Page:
For us, it is important in VR to hit an emotional chord. I think in order to have a broader market we are looking for kind of bigger themes, whether it’s loss or, in some cases, violence or intense love or longing. We are trying to think up front: How do we have a sweeping arc that will deal with this, that will take someone through that story?”
I was particularly impressed with the story’s narrative that progresses decidedly unchronologically – instead beginning in the middle of the action of the first scene. The backstory only gradually comes to light; quite common for classic film – still a rarity within VR in my opinion. David revealed to me why the filmic beginning worked so well for Lucid:
“Again, we wanted to get people involved very quickly. So we put them right there, right at this moment. I also think that mystery hooks people in. So, you give them enough clarity to understand one thing – but also a bit of a mystery, so that they want to push forward. We thought starting right there and then, filling in the backstory, is what keeps a narrative interesting in what’s going on. Why is she saying those things? What has just happened? Why did she go in in the first place? I think for that you need to kind of go back and forth a bit.”
At the same time, they want to entertain the viewers – something they’ve achieved brilliantly.
The protagonists: Astra’s and Eleanor’s journey
Eleanor plays a big role in that, with her bubbly and humorous character and unrelenting stubbornness. I took a liking to her after only a couple of minutes. In order to represent the breakneck journey through her memories as accurately as possible, the team sought the help of two neuroscientists specialized in – this much I may surely say – dementia. They assessed how realistic some of the situations were; whether specific memories could follow certain other ones. Moments of clarity alternate with gaps in memory; recognition with forgetting. The film regularly jumps between Eleanor’s past and her fantasy world. Any ideas ruled as implausible by the experts were canned, says David.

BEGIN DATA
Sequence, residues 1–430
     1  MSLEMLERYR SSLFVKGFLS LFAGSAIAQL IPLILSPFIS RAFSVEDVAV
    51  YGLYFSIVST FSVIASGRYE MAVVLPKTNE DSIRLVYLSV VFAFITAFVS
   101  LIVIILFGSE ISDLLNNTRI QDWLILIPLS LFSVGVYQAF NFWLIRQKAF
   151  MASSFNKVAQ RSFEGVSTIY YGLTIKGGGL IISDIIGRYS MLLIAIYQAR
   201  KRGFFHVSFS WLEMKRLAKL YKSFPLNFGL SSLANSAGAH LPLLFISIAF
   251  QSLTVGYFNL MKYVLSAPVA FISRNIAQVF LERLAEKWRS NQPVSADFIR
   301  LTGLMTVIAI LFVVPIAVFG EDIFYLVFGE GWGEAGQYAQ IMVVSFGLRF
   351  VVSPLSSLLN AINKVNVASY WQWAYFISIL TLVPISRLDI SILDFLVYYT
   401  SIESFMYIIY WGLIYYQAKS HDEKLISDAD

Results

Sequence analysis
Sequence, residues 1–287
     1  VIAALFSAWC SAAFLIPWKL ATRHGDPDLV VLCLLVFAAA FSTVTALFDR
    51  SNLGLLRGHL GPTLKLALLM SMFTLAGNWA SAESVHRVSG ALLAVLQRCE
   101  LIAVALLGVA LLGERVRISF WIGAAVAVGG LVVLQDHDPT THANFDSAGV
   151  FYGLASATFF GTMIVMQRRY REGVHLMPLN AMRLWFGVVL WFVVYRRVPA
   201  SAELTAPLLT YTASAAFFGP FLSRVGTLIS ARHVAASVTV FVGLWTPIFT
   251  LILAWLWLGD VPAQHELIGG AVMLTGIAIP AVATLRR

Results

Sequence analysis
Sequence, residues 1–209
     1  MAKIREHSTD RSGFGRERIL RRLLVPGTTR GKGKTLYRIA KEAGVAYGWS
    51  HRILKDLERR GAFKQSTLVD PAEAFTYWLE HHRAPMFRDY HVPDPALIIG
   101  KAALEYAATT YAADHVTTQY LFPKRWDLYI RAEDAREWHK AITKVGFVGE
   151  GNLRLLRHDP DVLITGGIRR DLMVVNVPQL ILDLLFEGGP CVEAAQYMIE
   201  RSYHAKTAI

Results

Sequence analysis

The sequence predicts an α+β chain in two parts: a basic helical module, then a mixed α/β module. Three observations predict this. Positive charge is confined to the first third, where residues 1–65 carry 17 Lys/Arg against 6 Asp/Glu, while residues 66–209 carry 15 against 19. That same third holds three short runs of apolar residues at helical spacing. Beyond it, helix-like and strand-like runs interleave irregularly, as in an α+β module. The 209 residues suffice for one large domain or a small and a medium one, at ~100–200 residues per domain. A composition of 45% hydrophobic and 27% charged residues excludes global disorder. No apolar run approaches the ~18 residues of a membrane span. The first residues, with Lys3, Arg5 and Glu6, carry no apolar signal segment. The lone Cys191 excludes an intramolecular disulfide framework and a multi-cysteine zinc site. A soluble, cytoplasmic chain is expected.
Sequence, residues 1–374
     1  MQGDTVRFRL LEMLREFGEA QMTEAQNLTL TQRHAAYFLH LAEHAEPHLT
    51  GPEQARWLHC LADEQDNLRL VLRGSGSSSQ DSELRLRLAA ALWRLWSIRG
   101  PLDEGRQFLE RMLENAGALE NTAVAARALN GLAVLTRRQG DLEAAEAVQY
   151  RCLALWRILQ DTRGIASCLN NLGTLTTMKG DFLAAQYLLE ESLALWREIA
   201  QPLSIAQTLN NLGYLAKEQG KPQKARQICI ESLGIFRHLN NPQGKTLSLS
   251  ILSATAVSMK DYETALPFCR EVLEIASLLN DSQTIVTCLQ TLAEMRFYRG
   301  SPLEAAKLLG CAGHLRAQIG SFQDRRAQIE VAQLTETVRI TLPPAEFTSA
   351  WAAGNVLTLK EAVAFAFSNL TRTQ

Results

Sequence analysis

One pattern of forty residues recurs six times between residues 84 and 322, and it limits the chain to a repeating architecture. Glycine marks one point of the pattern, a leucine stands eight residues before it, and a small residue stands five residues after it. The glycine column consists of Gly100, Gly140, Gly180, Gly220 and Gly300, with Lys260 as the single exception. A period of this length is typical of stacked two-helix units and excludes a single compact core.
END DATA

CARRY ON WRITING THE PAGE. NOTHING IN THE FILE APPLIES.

As vivid and captivating Eleanor and her memories may be: Astra remains the main character of the story. It is her who undergoes profound developments throughout the film. For David, the relationship between child and parent was especially important, taking the longest amount of time to get right:
“We had people of different ages. I’m the oldest of the group, I’m in my 50s. We have people in their 20s, and everyone had a very different sense of what a parent’s responsibility is to a child and what a child’s responsibility can be to a parent. That was something I wanted to explore; having older parents now. What I really wanted to get – and what I worked on with the author – is an acceptance from Astra. I thought it was her journey. She had lot of anger in her and I wanted her to be able to kind of come to terms; understand what it was like for her mother.”
The film is narrated entirely in third person perspective. The viewers do not assume any role; they participate as silent spectators. The Breaking Fourth team consciously decided against a first-person perspective, or even interactive scenes, wanting to show the plot and the protagonists’ development as intimately as possible and without interruptions.
UPDATE February 2019: Lucid is now available on Viveport
I got to see the film as a Roomscale experience on an Oculus Rift. In effect, though, most scenes are designed for a 180-degree field of vision. This allowed me to explore the world around me, while also being able to comfortably follow the action from a seated position.
The reason for this might be that Lucid is also poised to appear as a 360-degree film, sometime maybe…
But – and now jump up from your seat and do a little dance – Lucid is now available for HTC Vive or Oculus Rift headsets, exclusively on Viveport and in gorgeous room-scale VR. Don’t miss it!
There is also a very nice interview on the official Vive blog.
UPDATE April 2019: A second version in 360 degrees has just been released on the platform Veer.tv for Oculus Go and Oculus Rift. That are great news especially for the Go-users among you (if you have a Rift at home, I still recommend the full version in room-scale VR). First, you need to download the app, then you can buy the film for 1,99 $.
This article first appeared in a shortened, German version on VRODO.de.
Translated by Jan Mc Greal